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nigelpm 10th May '11 20 of 29
1

Spot on regarding how the West is perceived. The time of the West is over, the time of the East has begun.Larger,more youthful populations, a general hunger to learn and succeed that seems to be fast disappearing in the UK. and far better taxation rates..16% Hong Kong, 20% Singapore for starters. Yet still they run budget surpluses and are rapidly building up significant reserves. Why would anyone want to work here and pay 50% plus is beyond me when they can do the same job overseas and keep more of their hard earned...

I don't buy the east is best gonig forward argument for one simple reason - corruption.

Look at the hoards of people wanting to live in the UK for example.

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Fangorn 10th May '11 21 of 29
1

There's corruption everywhere(except here we call it MP's expenses)............................and the hoards of people wanting to live in the UK we could argue arise from our generous welfare state,and free NHS. It's hardly a cheap standard of living here that's for sure!

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AbAngus 10th May '11 22 of 29
2

Intreresting thread. Two points:

1. Re: Technology. Before I left the Army 13 years ago I attended a NATO conference on Artificial Intelligence. IIRC, the USAF were predicting that their first squadron of unmanned fighters (NOT drones) would be formed about now. The drive to take the man out of the cockpit was intense - not only does it free up the aircraft to take the sort of G that humans cannot take, but the training costs are much cheaper since so few flights need leave the ground! I am well out of the swing and I have no idea where the programme has got to - but I have absolutely no doubt that major advances will have been made and that many of these will have civilian applications. In fact, I have a fear that us investors have only a decade or so to make our fortunes before machines with AI render the market efficient at last (dammit!).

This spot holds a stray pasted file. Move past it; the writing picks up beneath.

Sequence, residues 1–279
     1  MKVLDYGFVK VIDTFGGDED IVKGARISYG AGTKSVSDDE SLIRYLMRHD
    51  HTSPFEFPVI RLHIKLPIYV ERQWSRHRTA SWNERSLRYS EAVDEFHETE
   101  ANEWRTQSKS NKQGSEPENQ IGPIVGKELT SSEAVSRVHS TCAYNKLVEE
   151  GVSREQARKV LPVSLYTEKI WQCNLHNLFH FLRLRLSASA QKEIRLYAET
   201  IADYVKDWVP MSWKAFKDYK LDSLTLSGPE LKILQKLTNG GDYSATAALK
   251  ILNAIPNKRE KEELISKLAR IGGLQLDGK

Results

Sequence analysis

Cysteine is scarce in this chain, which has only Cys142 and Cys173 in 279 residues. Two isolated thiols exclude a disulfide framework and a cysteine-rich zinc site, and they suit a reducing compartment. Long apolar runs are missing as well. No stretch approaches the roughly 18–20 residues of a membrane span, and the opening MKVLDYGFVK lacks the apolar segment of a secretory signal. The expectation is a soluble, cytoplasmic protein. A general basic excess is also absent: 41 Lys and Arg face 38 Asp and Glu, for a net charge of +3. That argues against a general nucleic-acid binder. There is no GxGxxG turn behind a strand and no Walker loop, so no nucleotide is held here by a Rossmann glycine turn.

2. Re: The Rise of the East. It is easy to see that the East is rising while the West strangles itself with regulations and well meant social engineering. But I look forward with interest to see how the BRICS will get on with each other as they all gain power and start jostling. Russia and China have an uneasy history, for a start. My guess is that the only thing that is predictable is that something unpredicted will happen. When I feel grumpy (often) I have to remind myself that I still wouldn't want my children to live elsewhere.

AA

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tournesol 10th May '11 23 of 29
9

Speaking as a retired IT Director, IMHO mechanisation and automation have undoubtedly improved productivity in manufacturing - if you mean productivity per human employed. But if you consider our economy/society as a whole I don't agree that they have improved productivity at all.

What they have done is stimulate resource reallocation so that millions of people are now employed in doing tasks which are not really necessary. Our systems of administration and control have grown into over-complex and massively centralised processes.

Consider how many people are required to run our tax system - not just HMRC but the staff in businesses and even private individuals. Consider how few would be needed if we rationalised and stream lined things. And reflect how few were employed in doing equivalent activities 100 years ago.

Or health and safety.

Or communications technology - what % of telephone traffic can be described as real value adding?

 

The other big issue is the outsourcing of work to low wage economies. That process is definitely on a pareto curve where the steep change gradient is flattening very rapidly.

 

 

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StrollingMolby 10th May '11 24 of 29
3

In reply to AbAngus, post #22

AbAngus,

Quite right re technology being employed in warfare. This article was printed in yesterday's FT and includes reference to just some of the advances made in military tradecraft: